So now that you have the layout of a system let’s make a comparison or analogy between this system and that of the human body can you think of parts of the human body that might provide a similar function as those we have described for the subsystems of a smartphone,
for example, the CPU is like the brains problem-solving area while the RAM is the short-term memory, these are some of the comparisons that we came up with it’s interesting to find so many commonalities between two things that are so very different like nerves and signal wires both transmit high-speed signals to different areas of the body and smartphone via electrical pulses yet one is made of copper while the other is made of cells also the human mind has similar levels of memory to that of the CPU RAM and solid-state drive
Q: What do you all think?
A: Overall it takes a complete system of complex interconnected components to take just a single picture each of these components has its own set of sub-components details along with history and many future improvements this layer is starting to resemble the branches of a tree each element will be explored and detailed in other episodes however for the rest of this episode we will focus our attention on the camera but before we give you an exploded diagram of the camera and get into all of its intricate details let’s first take a look at the human eye.
- With the human eye, the cornea is the outer lens that takes in a wide-angle of light and focuses it
- Next, the amount of light passing into the eye is limited by the iris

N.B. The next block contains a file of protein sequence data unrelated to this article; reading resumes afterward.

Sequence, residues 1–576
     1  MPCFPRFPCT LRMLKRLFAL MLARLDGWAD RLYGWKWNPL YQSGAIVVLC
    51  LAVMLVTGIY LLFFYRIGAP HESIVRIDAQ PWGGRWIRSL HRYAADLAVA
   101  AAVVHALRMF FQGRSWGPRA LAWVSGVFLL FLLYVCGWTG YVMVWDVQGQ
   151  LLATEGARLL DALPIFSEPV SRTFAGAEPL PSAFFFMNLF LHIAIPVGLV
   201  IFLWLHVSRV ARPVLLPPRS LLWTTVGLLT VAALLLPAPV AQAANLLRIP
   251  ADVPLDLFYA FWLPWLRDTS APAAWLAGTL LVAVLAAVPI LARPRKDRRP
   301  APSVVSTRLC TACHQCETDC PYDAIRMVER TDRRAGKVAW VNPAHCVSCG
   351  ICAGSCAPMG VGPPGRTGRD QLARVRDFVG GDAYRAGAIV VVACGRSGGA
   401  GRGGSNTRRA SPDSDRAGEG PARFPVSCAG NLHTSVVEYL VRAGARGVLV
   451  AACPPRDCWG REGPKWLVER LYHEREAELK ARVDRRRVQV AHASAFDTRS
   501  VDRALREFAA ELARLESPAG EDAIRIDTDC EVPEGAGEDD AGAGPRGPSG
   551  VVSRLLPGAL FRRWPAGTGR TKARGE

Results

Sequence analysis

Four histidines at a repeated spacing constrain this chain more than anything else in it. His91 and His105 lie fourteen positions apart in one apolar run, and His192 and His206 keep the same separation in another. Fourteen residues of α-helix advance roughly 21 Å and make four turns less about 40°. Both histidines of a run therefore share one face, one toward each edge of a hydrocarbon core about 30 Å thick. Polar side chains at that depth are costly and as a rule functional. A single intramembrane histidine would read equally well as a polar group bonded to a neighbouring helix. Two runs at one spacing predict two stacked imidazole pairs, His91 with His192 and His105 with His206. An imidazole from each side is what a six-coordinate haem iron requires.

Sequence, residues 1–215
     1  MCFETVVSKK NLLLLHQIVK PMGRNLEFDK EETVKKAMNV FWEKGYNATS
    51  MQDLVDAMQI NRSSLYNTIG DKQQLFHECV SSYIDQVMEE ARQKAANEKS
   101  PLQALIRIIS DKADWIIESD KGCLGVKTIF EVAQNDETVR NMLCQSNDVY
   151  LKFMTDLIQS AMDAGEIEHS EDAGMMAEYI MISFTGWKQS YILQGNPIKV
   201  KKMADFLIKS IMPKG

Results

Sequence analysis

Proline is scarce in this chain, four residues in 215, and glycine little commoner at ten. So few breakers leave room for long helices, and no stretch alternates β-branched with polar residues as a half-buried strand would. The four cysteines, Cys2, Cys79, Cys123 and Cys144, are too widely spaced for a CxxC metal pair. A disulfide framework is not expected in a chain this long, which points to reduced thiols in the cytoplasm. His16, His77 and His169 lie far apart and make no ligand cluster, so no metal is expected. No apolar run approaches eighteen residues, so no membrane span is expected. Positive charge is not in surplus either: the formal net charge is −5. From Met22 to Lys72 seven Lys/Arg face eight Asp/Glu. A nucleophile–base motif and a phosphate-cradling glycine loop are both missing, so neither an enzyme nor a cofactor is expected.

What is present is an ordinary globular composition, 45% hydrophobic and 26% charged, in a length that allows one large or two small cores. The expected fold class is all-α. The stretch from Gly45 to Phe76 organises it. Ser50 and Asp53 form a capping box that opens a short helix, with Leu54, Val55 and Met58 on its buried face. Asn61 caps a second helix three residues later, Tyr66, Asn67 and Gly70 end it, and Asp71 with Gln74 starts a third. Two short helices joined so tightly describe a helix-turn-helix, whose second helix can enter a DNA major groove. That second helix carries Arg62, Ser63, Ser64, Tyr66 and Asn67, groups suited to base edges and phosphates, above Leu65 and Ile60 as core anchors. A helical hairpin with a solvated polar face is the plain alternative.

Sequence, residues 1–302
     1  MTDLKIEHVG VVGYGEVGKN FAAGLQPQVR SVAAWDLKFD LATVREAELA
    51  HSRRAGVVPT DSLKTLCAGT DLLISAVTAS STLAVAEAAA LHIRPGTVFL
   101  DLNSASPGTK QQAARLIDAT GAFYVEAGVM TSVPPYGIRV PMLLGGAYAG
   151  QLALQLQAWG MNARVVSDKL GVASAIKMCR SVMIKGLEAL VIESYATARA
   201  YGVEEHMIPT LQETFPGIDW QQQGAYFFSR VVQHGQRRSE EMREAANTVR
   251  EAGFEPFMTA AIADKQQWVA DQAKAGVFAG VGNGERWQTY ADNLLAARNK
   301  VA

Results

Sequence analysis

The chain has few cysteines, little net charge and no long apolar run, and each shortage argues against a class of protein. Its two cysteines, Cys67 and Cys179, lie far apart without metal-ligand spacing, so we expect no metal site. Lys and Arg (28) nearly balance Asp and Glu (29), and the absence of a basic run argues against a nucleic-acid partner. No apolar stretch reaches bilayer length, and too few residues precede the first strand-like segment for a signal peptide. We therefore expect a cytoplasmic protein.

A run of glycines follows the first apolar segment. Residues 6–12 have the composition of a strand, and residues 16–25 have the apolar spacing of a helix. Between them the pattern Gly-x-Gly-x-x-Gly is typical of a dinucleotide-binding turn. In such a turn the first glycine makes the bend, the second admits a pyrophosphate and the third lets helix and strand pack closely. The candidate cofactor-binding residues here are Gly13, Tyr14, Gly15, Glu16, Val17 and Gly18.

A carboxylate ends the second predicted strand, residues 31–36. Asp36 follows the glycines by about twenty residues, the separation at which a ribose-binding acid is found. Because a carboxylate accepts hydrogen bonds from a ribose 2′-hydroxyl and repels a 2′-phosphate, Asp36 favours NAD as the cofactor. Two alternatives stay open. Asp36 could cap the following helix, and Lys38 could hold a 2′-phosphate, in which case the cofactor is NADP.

- A second lens whose shape can be changed by the muscles around it bends the light to create a focused image this focused image travels through the eye until it hits the retina
Here a massive grid of cone cells and rod cells absorb the photons of light and output electrical signals to a nerve fiber that goes to the brain for processing, rods can absorb all the colors of visible light and output a black and white image whereas three types of cone cells absorb red green and blue light and provide a colored image now this brings us to a key question.
Q: If your eye only has three different types of cone cells each of which can only absorb red green or blue?
Q: How do we see this entire spectrum of colors?
A: The answer is in two parts.
First, each Red, Green, and blue cone absorbs a range of light and not just a single color or wavelength of light this means that the blue cone picks up a little light in the purple range as well as a little in the Aqua range
Second, our eyes don’t detect just a single wavelength of light at a time but rather a mix of wavelengths and this mix is interpreted as a unique color it’s kind of like cooking a soup it takes many ingredients chopped up and mixed together to make a complex flavor if you look closely individual ingredients can be identified but these ingredients taste very different on their own compared to the whole soup together this is why colors like pink and brown which are combinations of colors can be found on the color wheel but not on the spectrum of visible light so if this episode is about how smartphones take pictures.
Q: why are we talking about the human eye?